Table_1_Longitudinal Changes of Functional Capacities Among Adolescent Female Basketball Players.DOCX (16.43 kB)

Table_1_Longitudinal Changes of Functional Capacities Among Adolescent Female Basketball Players.DOCX

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posted on 04.04.2019 by Humberto M. Carvalho, Thiago J. Leonardi, André L. A. Soares, Roberto R. Paes, Carl Foster, Carlos E. Gonçalves

Background: The interpretation of young athletes' performance during pubertal years is important to support coaches' decisions, as performance may be erroneously interpreted due to the misalignment between chronological age (CA), biological age (BA) and sport age (SA).

Aim: Using a Bayesian multilevel approach, the variation in longitudinal changes in performance was examined considering the influence of CA, BA (age at menarche), SA, body size, and exposure to training among female basketball players.

Method: The study had a mixed-longitudinal design. Thirty eight female basketball players (aged 13.38 ± 1.25 years at baseline) were measured three times per season. CA, BA and SA were obtained. Anthropometric and functional measures: countermovement jump, Line drill (LD), Yo-Yo (Yo-Yo IR1). Based on the sum of the z-scores, an index of overall performance was estimated. The effects of training on longitudinal changes in performance were modeled.

Results: A decrease in the rate of improvements was apparent at about 14 years of age. When aligned for BA, the slowing of the rate of improvements is apparent about 2 years after menarche for LD. For countermovement jump longitudinal changes, when performance was aligned for BA improvements became linear. For Yo-Yo IR1 and performance index, both indicators showed a linear trend of improvement when aligned for CA and BA, separately. Older players showed higher rates of improvement for Yo-Yo IR1 and performance index from pre-season to end-season. When considering performance changes aligned for BA it was apparent an improvement of performance as players became biologically mature.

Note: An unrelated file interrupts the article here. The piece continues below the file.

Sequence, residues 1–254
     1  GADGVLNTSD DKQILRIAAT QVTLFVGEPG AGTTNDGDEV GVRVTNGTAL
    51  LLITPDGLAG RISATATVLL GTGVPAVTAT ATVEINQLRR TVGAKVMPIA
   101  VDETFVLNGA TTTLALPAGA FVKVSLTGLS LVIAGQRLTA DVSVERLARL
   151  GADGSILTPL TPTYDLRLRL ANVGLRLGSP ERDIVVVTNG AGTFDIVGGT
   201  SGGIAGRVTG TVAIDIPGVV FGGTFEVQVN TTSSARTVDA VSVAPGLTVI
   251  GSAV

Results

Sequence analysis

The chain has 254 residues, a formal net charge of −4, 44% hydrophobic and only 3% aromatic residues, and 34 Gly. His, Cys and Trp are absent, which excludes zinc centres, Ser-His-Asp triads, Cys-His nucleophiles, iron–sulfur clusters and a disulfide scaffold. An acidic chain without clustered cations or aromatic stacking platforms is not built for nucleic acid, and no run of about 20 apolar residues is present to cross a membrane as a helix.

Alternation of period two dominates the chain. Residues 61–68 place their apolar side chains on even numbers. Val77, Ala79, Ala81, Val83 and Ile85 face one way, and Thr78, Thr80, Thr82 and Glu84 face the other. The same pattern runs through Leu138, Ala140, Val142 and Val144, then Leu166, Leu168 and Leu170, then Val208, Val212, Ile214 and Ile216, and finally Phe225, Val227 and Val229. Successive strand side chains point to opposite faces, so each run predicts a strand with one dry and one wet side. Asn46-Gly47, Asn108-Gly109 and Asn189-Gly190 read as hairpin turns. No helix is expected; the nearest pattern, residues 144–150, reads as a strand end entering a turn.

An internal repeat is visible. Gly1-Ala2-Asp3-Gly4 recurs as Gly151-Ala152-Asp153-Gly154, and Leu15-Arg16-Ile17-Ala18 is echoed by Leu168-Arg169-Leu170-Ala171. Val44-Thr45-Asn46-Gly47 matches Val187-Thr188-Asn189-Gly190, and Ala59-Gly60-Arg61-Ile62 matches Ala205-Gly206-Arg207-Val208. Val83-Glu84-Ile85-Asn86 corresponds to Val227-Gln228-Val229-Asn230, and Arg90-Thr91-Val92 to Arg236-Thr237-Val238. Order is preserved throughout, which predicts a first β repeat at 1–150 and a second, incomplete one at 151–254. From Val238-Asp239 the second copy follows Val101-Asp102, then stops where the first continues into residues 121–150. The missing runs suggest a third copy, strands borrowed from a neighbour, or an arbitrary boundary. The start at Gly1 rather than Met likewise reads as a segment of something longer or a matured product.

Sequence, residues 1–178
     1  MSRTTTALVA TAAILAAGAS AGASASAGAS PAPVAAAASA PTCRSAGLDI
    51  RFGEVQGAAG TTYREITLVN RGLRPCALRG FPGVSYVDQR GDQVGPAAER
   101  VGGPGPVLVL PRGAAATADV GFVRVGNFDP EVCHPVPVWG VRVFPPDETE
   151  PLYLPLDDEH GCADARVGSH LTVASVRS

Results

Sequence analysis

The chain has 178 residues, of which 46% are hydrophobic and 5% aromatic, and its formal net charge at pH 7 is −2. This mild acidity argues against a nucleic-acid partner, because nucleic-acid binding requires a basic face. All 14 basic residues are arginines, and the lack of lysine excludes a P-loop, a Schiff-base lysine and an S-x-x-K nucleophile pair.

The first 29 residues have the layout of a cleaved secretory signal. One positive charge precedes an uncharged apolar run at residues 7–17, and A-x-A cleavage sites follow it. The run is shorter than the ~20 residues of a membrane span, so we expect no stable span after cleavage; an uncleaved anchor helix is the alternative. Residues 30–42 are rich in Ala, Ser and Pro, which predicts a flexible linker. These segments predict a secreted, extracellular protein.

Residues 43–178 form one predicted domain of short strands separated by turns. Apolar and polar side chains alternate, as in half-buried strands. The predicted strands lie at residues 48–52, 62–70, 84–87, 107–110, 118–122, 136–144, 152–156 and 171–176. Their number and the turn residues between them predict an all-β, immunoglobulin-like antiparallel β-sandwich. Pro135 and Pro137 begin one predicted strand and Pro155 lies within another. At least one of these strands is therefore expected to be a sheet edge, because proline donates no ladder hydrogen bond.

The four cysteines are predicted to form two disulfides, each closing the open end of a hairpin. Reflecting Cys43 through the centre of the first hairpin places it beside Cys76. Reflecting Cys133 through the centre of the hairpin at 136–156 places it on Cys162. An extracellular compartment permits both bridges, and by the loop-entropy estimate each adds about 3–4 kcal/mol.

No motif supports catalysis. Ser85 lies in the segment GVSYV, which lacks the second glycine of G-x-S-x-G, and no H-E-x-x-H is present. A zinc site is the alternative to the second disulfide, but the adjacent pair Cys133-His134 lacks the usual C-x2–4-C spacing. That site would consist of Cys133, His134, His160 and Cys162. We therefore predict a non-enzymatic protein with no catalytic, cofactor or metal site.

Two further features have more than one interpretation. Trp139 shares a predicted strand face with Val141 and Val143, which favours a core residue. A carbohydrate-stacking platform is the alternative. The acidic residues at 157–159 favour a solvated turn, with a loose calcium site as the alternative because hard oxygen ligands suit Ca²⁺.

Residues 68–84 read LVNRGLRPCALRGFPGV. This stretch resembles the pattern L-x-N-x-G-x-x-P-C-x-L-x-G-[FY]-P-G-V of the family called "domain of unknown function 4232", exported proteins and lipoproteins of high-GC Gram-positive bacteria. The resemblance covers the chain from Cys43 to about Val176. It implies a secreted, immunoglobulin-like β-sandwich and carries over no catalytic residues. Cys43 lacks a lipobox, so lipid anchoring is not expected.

Conclusions and Implications: The alignment of CA with BA and SA provides important information for coaches. Human growth follows a genetically determined pattern, despite variation in both tempo and timing. When the effects of maturation reach their end, all the girls went through the same process. Hence, there is no need to artificially manipulate youth competitions in order to accelerate gains that sooner or later reach their peak and tend to flat their improvement curve.

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